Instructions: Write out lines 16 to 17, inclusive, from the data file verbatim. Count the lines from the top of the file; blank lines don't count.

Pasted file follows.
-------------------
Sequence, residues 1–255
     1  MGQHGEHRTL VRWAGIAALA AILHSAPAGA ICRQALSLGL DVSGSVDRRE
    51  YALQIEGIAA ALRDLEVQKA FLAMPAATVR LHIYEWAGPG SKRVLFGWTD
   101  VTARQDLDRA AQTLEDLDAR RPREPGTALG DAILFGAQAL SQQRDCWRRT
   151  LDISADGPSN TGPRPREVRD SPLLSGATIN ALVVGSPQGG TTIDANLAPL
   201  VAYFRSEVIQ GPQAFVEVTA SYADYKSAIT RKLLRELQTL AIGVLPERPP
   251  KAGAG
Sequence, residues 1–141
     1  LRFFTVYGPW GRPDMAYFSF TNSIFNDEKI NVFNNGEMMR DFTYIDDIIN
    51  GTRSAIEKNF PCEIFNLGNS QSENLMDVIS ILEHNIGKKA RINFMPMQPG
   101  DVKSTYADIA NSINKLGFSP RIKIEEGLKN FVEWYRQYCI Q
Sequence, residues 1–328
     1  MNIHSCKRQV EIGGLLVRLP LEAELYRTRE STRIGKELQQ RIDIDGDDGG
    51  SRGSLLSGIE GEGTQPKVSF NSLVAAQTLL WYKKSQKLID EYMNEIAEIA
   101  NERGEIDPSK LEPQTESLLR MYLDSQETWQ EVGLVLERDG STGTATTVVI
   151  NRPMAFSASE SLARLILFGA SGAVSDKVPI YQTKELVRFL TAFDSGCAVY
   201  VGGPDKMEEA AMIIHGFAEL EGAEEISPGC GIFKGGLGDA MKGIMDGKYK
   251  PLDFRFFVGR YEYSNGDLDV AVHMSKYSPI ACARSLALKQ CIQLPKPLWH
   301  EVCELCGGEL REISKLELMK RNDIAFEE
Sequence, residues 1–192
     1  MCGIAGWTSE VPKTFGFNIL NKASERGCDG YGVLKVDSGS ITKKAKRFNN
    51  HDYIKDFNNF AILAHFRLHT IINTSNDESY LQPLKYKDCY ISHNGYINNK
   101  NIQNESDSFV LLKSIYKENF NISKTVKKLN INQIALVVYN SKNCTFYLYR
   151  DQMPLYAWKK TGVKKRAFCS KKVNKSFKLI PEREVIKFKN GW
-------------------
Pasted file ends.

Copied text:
   151  NRPMAFSASE SLARLILFGA SGAVSDKVPI YQTKELVRFL TAFDSGCAVY
   201  VGGPDKMEEA AMIIHGFAEL EGAEEISPGC GIFKGGLGDA MKGIMDGKYK